we're still no better than the worm we're countering. This is a problem.
Even if we do manage to patch all the vulnerable machines and eliminate
every instance of our target on the planet, network traffic won't go
back to normal until our worm expires on its own.
Case #4: Faster than the target Worm
With this last one, very little might need to be said. We've already got an excellent case study of what happens when a "beneficial" worm moves faster than its target.
The object? Nachi. Last August, an
author decided to try to execute our loud, ill-advised friends' advice
and coded a counter-worm to combat Blaster worm variants. The Nachi worm
moved fast, much faster than any previous variant of Blaster. It invaded
machines, removed the files associated with Blaster, and then tried to download and run the patches from Microsoft for the MS03-026
vulnerability, closing the door behind it.
The problem? Quite simply, it did its job too well. It got onto work networks, cable modem and dsl networks, University networks, and nearly completely shut them down with all the ICMP traffic it threw.
It DID fulfill its primary goal; within a few days, Blaster variants
other than Nachi were almost nowhere to be found. The problem was, Nachi
was still looking for them, still trying to get into any unpatched
machines it could find. Ultimately, the Nachi worm proved to be far more damaging than the Blaster variants it was trying to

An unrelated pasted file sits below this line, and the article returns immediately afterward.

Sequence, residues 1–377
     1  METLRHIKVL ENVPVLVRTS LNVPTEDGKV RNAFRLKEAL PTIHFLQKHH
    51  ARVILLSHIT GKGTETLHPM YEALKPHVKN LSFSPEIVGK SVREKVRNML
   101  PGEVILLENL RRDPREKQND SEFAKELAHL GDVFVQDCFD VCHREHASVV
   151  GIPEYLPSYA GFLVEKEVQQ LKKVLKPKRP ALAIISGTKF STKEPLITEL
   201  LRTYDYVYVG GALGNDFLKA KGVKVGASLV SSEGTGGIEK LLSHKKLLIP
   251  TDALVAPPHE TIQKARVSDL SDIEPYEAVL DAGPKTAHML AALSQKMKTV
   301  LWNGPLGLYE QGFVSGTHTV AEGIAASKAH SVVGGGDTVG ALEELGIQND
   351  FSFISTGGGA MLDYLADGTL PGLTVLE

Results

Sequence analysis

counter - and it didn't get onto nearly as many machines as it might
have, thanks to alert (and somewhat sleep-deprived by that point)
sysadmins and IT workers who were running around, catching and properly
patching every machine they could find.
The point of this article is to try to explain to some users out there: "counter-worms" ARE STILL WORMS. They are still viruses. Their payload may be "less destructive" than what they're countering, but they're still either destructive towards network traffic, or less than effective at countering the viruses that they are trying to deal with.
Look back on our four examples. These cover all
possible speeds of delivering our counter-worm. Every proponent of
counter-worm theory states that their ideal version uses far less
bandwidth than the worm they're trying to eradicate, but look at the
results! True, it's purely an intellectual exercise, but I submit that
the findings are correct; if you're not moving faster than the worm -
and thus using more bandwidth, since you're exploiting the same backdoor
it does - you're not going to catch up to it in time to eradicate it. It's like the cops engaging in a high-speed chase while limiting their own engines to a top speed of 35 mph; the crooks will get away every time.
If, by contrast, you are moving faster than it does, you've already created something
that's worse than the original worm.
Again, this leaves aside all the ethical considerations, which have been discussed ad nauseum on other sites: is it ethically okay to crack another's system in order to fix it, without their permission? Some say yes, others say no. The Windows Update feature, obviously, functions on user permissions: the same users who in one breath claim that Microsoft ought to force
all users to download patches the moment they are available, are usually the ones scared in the next breath that Microsoft will be shoving
DRM down their throats in the latest downloadable patch.
Just please, keep this in mind the next time you hear someone talk about a "good" virus, and maybe we can work on REAL solutions instead of chasing this particular wild goose yet again.
Got Comments? Send 'em to
Michael (at) Glideunderground.com!
Alternatively, post 'em right here for everyone to see!